Character development in fiction is a critical part of making a story come alive. Create great characters and readers will keep turning pages. Create poorly developed characters and you risk your readers throwing your book away. So what are some secrets of character development in fiction? Books have been written on this, but let me share a few things that new authors (and unfortunately many indie authors) do that damage their stories.
Character Development in Fiction – Physical Traits
We as readers do need to know about the physical being of our characters. It’s good to put in a bit about how a character looks, talks, smells and the like. But don’t overdo this unless it’s critically important to the story. I see so many indie authors describe their characters in the greatest detail, and usually all within one paragraph…but that usually doesn’t work well because you overwhelm your readers with description. A little description goes a long ways. Also, it’s good to sprinkle character description into the flow of the story.
Character Development in Fiction – Psychological Traits
Another thing new authors tend to do is write their characters into a psychological being, one who readers see as a list of psychological traits, but in doing so there is no growth or way for the character to react outside of that profile. And then the reader knows what to expect out of the character and the story becomes boring. Consider the following example:
Jane was sexually abused as a child and she withdrew into herself. She grew into a bitter woman who distrusted all men, even her husband. She was cold and distant to her kids.
Not only are we telling the reader about Jane (a no-no) we are also putting Jane in a corner based on her psychological profile. We know what to expect from her for the rest of the novel, and if she acts out of that profile, it doesn’t jibe with the story or with us as readers.
Character Development in Fiction – The Emotional Connection
Our characters need to care about something. We as indie authors should show (not tell) our readers what this is. This helps with another thing: we want our readers to care about our characters. The readers can love or hate, be confused by or intrigued by our characters, but the readers must not be indifferent to our characters.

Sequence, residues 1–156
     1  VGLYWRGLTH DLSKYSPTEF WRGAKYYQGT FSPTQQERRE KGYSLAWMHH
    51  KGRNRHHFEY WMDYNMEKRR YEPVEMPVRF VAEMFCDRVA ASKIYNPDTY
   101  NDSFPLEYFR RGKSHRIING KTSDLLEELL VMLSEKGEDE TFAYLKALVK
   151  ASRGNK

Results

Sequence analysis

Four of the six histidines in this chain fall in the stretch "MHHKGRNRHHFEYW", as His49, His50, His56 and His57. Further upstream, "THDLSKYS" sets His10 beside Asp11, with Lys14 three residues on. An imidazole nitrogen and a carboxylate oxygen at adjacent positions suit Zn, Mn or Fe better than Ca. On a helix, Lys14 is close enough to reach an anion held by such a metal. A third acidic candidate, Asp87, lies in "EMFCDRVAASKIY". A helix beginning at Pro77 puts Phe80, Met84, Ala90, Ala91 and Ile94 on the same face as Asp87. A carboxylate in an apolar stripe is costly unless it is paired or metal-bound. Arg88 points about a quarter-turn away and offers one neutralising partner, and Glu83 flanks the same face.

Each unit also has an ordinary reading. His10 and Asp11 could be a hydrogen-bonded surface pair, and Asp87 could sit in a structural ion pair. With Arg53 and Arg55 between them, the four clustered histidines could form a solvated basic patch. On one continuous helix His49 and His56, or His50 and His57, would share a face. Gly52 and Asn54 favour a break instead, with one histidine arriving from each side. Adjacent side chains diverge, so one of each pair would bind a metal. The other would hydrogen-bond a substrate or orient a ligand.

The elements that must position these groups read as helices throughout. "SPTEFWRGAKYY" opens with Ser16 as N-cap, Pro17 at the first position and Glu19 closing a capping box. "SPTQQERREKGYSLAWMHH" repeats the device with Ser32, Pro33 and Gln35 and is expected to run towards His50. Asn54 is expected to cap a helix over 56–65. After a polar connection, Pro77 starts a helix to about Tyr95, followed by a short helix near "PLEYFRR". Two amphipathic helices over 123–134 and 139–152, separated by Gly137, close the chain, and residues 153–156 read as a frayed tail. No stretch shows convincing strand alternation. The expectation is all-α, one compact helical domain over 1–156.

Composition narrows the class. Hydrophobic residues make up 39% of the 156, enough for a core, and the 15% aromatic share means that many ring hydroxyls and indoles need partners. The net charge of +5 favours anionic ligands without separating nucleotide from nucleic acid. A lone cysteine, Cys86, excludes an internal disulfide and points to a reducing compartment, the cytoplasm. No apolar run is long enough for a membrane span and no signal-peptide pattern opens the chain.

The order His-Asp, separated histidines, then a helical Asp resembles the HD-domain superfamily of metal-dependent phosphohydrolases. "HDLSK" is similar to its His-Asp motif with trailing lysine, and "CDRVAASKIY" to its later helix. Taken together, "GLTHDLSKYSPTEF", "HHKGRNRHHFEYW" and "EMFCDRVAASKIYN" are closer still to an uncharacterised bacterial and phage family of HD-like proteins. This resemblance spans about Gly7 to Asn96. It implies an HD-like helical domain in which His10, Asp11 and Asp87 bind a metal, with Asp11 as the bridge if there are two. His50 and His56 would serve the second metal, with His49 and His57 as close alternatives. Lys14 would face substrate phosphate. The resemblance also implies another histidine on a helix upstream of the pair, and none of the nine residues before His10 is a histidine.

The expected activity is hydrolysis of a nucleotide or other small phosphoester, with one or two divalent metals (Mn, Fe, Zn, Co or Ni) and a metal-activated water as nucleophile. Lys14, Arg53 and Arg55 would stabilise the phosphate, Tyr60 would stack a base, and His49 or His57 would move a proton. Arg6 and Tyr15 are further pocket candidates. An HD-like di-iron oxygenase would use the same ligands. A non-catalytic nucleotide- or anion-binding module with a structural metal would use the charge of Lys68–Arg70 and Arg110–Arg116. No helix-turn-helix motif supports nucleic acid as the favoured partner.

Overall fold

Main characters should be round: a fully developed character that is capable and even does change. Readers need to care about them.
Flat characters are one-dimensional: they are not developed as much as main characters, and they are not central to the story. We don’t really care about them.
Your characters will be what your readers remember. You need to keep your readers emotionally involved. You want characters that are flawed, they grow as people, and they are unique.
Character Development in Fiction – An Example
I wrote this post in part because of my reaction to a particular character in Six Feed Under, a show that ran on HBO for five years. Obviously TV and books are different, but the points of character development are similar. One of the central characters, Nate Fisher, is introduced in the first season as a reasonably nice guy, at least that was my sense of him. He’d left Los Angeles and wasn’t involved in the chaos of the family. Sure, he’s a bit confused, but he seems to care about people.
But then his character seems to delve into some kind of psychological meltdown. Nate bounces between women, he cheats on his girlfriends and then his wife, he smokes pot. And on and on. Okay, whatever, he’s a schmuck…I hate the guy. And we would say this is good character development, right? I as the viewer have a very strong reaction to this character.
But here’s the problem (or problems). One, I don’t think Nate’s character is developed well. At times, he seems to be utterly nice and caring, and then suddenly he’s snapping and acting out. It’s too schizophrenic. And another issue is my reaction…I’m not sure that the writers of the story meant to have viewers come to hate Nate. I mean, I hate the guy so much that in the last episode I watched (spoiler alert), Nate dies and I thought good, get rid of him.
I don’t know, maybe that’s what the writers wanted…the point is, as an author, when you’re creating characters, fully write them so that the reader is emotionally drawn in, but in a way that the reader reacts to your characters in the way you intended.